For whatever reason, the dowager’s hump on my back bothers me almost as much as the sixty-plus pounds I have gained. The damn thing is just unsightly. It bulges out of the necks of my t-shirts, protrudes from blouses, and causes me to look stooped and old. Combined with the general thickening of my neck area, the hump is, to my eyes at least, hard to miss. This is why I wear my hair long, even when the temperature is in the three digits and I otherwise want nothing more than to shave my head.

There is nothing I can do about the hump, though. The doctors say it will shrink and disappear once I am off the prednisone. Whether it gets smaller on a lower dose of the drug is an open question. “Can’t you just suck all that nasty fat out of there?” I asked Dr. Doogie in exasperation one day. Apparently not. I am stuck with my hump for now.

I have found that the best way to deal with some difficult things is to make fun of them whenever possible. Rather than cringe about all of my weight gain, I like to be up front about it and tease Jay that if he’s not nice to me, I’ll sit on him. If I’m not direct about these things (and if I’m not able to chuckle about them from time to time), I feel ashamed of the extra pounds, disgusting in my own skin, and morose. It’s not like I chose to get sarcoidosis and take a bunch of prednisone, so I have no reason to feel loathsome or guilty. At least, that’s what I keep reminding myself.

Jay understands my need to use sarcasm. When I complain about my larger thighs and stomach, he tells me, “Oh, now, don’t worry. There’s just more of you to love.” I know he’s not crazy about Rebecca squared, but I appreciate his ability to treat me and the issue of weight gain not only with kindness, but also with humor. Laughter chases away some of the demons of chronic illness.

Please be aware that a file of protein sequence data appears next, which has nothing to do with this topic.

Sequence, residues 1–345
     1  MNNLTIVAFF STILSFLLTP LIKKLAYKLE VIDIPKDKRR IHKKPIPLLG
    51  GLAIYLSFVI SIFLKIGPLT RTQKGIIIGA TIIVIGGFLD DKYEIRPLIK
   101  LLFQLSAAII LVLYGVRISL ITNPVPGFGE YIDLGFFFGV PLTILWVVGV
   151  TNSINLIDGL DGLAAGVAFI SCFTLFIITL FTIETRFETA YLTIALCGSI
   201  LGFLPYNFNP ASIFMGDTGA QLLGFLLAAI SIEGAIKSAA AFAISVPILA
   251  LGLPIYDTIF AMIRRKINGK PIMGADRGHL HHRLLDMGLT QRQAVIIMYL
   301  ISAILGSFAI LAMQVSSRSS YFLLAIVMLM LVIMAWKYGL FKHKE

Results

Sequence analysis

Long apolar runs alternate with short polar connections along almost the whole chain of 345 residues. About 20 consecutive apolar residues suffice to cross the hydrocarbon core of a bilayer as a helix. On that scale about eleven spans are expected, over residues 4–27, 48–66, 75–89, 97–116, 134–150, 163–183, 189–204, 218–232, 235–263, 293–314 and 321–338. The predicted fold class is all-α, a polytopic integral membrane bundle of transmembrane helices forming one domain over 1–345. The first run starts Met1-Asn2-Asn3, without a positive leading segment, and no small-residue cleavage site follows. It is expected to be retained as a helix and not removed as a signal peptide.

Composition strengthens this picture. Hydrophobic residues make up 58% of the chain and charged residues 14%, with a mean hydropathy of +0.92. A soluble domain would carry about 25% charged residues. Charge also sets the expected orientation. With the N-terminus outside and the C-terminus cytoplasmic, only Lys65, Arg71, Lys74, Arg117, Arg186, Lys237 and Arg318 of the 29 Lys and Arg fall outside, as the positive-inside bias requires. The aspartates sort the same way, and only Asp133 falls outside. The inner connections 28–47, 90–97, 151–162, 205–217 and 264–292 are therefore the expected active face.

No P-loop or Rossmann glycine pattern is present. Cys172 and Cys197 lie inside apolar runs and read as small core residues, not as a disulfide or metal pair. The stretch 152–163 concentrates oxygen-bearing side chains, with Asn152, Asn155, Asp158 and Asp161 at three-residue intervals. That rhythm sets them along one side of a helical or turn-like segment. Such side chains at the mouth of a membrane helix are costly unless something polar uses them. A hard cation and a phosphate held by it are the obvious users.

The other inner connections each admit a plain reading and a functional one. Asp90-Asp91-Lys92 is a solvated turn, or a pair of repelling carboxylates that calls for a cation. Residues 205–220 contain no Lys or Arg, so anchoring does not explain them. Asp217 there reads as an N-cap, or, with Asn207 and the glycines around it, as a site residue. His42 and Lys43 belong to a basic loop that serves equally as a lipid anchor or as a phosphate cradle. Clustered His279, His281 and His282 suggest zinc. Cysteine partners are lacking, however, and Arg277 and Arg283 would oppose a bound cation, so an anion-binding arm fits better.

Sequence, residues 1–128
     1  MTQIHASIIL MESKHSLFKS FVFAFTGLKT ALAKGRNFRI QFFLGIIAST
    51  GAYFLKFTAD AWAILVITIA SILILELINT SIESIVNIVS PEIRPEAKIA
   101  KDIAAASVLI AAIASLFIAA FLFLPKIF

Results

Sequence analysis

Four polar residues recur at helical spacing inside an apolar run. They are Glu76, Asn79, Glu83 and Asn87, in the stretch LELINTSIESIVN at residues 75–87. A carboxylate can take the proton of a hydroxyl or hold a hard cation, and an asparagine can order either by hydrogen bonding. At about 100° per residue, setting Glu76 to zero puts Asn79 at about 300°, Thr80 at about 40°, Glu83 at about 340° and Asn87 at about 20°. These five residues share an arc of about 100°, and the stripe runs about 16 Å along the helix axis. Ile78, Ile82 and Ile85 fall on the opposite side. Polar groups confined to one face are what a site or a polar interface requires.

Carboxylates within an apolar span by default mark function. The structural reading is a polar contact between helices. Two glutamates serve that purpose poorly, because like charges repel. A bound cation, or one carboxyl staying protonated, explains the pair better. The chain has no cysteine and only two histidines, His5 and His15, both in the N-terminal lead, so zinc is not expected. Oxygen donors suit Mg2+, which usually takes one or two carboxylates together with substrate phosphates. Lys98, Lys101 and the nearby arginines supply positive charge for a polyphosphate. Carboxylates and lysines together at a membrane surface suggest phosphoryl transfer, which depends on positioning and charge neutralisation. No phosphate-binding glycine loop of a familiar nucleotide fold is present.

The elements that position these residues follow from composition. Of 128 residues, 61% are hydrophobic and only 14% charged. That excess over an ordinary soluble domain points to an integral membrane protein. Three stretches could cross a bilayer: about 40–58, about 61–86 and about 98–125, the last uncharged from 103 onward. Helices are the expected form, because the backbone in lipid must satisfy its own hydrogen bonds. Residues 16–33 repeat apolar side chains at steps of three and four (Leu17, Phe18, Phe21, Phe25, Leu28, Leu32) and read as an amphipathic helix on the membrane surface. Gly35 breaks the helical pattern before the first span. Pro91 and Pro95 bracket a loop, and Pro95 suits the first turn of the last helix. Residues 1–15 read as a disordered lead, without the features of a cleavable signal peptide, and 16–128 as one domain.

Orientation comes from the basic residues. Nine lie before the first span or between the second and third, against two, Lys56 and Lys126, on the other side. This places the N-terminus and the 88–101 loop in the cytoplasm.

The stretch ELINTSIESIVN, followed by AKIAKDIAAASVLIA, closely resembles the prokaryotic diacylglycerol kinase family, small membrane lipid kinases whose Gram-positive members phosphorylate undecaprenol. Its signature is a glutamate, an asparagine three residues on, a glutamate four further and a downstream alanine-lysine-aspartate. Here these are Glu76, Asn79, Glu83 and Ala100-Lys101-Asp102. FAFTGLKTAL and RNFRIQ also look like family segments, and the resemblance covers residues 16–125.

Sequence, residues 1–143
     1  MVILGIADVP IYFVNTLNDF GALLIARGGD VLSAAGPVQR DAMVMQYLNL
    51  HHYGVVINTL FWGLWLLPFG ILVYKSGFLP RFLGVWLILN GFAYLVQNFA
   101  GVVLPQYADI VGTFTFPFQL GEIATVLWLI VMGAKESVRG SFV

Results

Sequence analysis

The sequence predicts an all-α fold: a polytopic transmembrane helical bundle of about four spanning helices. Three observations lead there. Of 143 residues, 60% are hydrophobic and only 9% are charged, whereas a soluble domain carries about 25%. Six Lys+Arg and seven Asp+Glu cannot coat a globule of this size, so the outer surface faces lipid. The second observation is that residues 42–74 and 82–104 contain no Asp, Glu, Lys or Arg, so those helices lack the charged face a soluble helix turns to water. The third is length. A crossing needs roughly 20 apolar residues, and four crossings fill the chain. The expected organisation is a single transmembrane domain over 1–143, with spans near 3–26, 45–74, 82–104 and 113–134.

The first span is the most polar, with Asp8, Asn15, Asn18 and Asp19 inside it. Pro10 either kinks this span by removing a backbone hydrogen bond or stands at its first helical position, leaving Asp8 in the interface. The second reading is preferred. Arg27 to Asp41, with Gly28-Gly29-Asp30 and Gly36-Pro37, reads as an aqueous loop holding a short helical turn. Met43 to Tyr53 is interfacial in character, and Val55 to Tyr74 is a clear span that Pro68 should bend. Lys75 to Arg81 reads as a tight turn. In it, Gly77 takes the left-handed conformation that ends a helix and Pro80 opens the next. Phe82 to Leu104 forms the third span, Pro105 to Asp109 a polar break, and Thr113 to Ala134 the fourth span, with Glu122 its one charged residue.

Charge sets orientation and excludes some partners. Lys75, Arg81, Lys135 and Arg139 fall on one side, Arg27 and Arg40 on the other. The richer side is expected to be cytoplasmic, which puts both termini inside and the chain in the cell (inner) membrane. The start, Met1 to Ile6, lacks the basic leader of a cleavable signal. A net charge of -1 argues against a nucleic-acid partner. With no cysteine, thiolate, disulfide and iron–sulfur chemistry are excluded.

As to the hump, we have decided that, rather than rail against it, we will give it its own identity. “Talk to the hump!” is a frequent response I give Jay when he asks me a question I don’t particularly like. Or I’ll tell him that my hump is unhappy with the current state of affairs and is threatening to secede. Jay will pat my hump and even give it a kiss from time to time. Who says that fat backs don’t need love and affection too? “I think it’s kind of cute,” he told me one evening, when I was bemoaning my hump. Cute? This was sweet, but just not true. The hump may be mighty; it may have a personality; but it certainly isn’t cute. But the fact that Jay says this reminds me yet again how lucky I am to have a man that loves me – and my hump – unconditionally.


  1. Maya said,

    Thank you for sharing. I’m just developing a hump from prednisone and having a really hard tI me keeping my head in a positive place. It’s good to know this is a thing and not just some insane rare thing only I have. So, thank you. Best of luck.

    • Joan Marks said,

      Hi, My name is Joanie, been on predinsone for 10 years..have hump in back, swollen face and water retention everwhere.Your not alone, doc finally said time to get off.So there weaning me off,gonna take some time.If I would have known what it was gonna do tomy body I would never started.

  2. Joan Marks said,

    Hi My name is Joanie and I love your post.It mentioned everything I’m going Thur… although with great humor !! I’d like to talk to you more, is that possible ?

  3. Joan Marks said,

    Trying to join, don’t kno what I’m doing wrong ?

  4. Sharon said,

    I too started taking 20 MG of prednisone 3 months ago for PMR. Now I have moon cheeks and now a hump back. I have gained weight too. What is worse the pain or the treatment.